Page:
Mar 232020
 

Temperament is everything

Investors can often get in their own way. It can be hard to stomach a bear market. But it’s especially important at challenging times like these to keep our emotions in check, or else we could make mistakes and lose our shirts.

There are three types of investors during a stock market crash – those who sell, those who do nothing, and those who buy more. Which type are you? If you don’t already know then this can be an expensive time to find out. We learn the most about our investment behaviors when the market is tanking, not when it’s rising.

The global influenza pandemics of the 1950s and 1960s killed more than 1 million people each time. But eventually the world moved on and financial markets recovered. It’s a bit counterintuitive, but profits are made when you buy, not when you sell. This is because the price you pay for an investment is the main factor that will determine your future profit.

 

How to buy into the dip

If panic selling is not a good idea, then what can we do? Here are a few common strategies to consider:

  • Rebalance approach
    Although most securities are down, government bonds and other fixed income funds like (VSB.TO) have gained. Sell some of these low risk assets to buy beaten down stocks. But do it gradually. This also helps to rebalance your portfolio to your previous asset allocation.
  • Gradual nibble approach
    This requires you to have some cash saved up first. Every time the market falls by 10%, you put more money into the markets. Start with 20% of your cash balance. Go up to 30% of your remaining balance the next time. Then 40%, etc. This ensures that each additional time you buy, you are picking up stocks at lower prices.
  • Wait for a bottom approach
    Sit on the sidelines and wait for a sustained rally using technical analysis. Save and accumulate cash in the meantime. Store this cash in a high interest savings account or short term bond fund so it can be liquidated relatively quickly. Once market momentum starts going up again use 75% of the cash to buy stocks on the rise. Gradually buy more with the remaining 25% over time.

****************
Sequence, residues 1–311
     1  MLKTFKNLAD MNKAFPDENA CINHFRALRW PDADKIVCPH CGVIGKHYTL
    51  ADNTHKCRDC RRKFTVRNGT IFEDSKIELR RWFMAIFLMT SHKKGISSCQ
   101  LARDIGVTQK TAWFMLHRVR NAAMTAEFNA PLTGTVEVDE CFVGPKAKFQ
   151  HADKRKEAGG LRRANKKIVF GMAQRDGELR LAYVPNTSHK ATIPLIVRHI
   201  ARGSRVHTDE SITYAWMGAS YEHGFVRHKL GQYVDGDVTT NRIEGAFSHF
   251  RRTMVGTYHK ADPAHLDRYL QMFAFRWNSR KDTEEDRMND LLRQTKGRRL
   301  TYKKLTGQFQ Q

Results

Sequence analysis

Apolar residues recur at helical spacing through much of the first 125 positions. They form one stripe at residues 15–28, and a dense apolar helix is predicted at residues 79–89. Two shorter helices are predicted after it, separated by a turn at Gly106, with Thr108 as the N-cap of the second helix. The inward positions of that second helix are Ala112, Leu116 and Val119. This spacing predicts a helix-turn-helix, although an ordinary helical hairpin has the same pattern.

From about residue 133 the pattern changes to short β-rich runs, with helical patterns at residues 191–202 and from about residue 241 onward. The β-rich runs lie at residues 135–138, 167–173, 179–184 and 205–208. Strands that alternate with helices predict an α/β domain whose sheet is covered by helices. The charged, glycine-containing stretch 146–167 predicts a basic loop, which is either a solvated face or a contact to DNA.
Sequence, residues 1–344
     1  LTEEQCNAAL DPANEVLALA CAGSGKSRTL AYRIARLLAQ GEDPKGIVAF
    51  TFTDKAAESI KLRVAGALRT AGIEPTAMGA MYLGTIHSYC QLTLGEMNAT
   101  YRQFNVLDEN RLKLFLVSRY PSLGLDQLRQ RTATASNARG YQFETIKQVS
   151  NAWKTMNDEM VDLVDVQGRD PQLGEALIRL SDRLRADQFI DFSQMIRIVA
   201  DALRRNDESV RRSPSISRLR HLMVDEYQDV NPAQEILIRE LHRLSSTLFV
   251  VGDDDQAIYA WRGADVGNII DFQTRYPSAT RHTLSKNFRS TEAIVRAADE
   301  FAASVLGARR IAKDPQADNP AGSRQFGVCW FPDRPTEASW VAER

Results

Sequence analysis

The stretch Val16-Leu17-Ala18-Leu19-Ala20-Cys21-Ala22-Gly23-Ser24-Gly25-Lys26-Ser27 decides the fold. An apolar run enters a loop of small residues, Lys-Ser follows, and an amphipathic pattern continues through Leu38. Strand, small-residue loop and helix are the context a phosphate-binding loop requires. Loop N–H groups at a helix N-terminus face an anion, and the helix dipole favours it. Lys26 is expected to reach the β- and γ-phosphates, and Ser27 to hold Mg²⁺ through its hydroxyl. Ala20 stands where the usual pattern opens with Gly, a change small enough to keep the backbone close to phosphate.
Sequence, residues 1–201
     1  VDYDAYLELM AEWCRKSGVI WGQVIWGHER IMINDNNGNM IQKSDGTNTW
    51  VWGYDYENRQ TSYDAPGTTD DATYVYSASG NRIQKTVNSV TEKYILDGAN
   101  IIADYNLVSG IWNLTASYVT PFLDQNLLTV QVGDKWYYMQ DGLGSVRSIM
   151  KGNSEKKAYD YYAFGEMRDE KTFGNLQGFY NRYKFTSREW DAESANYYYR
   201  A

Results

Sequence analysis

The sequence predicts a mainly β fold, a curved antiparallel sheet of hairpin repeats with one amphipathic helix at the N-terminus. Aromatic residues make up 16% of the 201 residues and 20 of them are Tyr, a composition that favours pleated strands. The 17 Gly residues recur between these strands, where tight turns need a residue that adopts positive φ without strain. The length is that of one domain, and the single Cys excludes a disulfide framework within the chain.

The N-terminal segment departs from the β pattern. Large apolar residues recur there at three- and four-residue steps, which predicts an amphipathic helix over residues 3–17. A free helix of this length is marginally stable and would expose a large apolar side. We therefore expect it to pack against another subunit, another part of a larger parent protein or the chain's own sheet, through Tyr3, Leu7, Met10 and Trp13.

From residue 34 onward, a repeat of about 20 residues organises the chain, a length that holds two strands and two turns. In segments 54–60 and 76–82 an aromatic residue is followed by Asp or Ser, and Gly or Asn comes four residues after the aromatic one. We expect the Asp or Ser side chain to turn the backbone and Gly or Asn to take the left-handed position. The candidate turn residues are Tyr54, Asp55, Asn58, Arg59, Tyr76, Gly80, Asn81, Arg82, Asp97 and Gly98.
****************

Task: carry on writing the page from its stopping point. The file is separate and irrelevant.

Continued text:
I don’t know which method works the best. But here’s what I’m doing:

As posted in my latest net worth update, I had about $150,000 in cash at the beginning of March – a very fortunate position to be in. ๐Ÿ™‚ I’ve already spent about $80,000 of that buying into this bear market over the last few weeks. My most recent stock purchases were Suncor (SU.TO), Pembina Pipeline (PPL.TO), Canadian National Railway (CNR.TO), and Fortis Inc (FTS.TO). I’m buying even as prices continue to fall because the stock market is down 32% from its high so far. Historically 32% is the low point of the average bear market. Although stocks could fall further, investing about half of my cash savings now guarantees I don’t miss out on the upswing in case we are already close to the bottom.

I plan to deploy another $50,000 into the market after technical indicators improve. There are two primary signals I’m interested in.

  • I’m waiting for the 10 day moving average to reverse direction from down to up.
  • I’m looking for the MACD signal to improve.

These indicators can be applied to individual stocks, sectors, or entire indices. For example, below is the S&P/TSX index. We can see it is not yet time to buy.

TSX drops 32% in just a few weeks

A new bull market should start once we see price momentum swing up. ๐Ÿ™‚ But this is speculation. Even after a short term bounce, there could be more downside before things actually start to turn around.

 

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Mar 162020
 

Opportunity for the well prepared

Well it’s finally happened. The record breaking 11 year long bull market has come to a screeching halt as stocks tumbled more than 30% in the fastest pace ever recorded. Last Thursday the TSX dropped 12% in a single day, the most in recorded history. But this should come as no surprise if you’re an avid reader of this blog. We saw this coming miles away. ๐Ÿ˜€

I began warning fellow investors two years ago explaining the early signs of an economic downturn. But since there were no red flags I didn’t expect an immediate market correction. Here’s an excerpt from that 2018 post.

Playing a strong defense game

So how did I prepare? Well last summer in 2019 I shared my thoughts on which asset classes would likely perform relatively well in a low interest rate environment. I wrote that adding defensive investments would make a lot of sense going into 2020.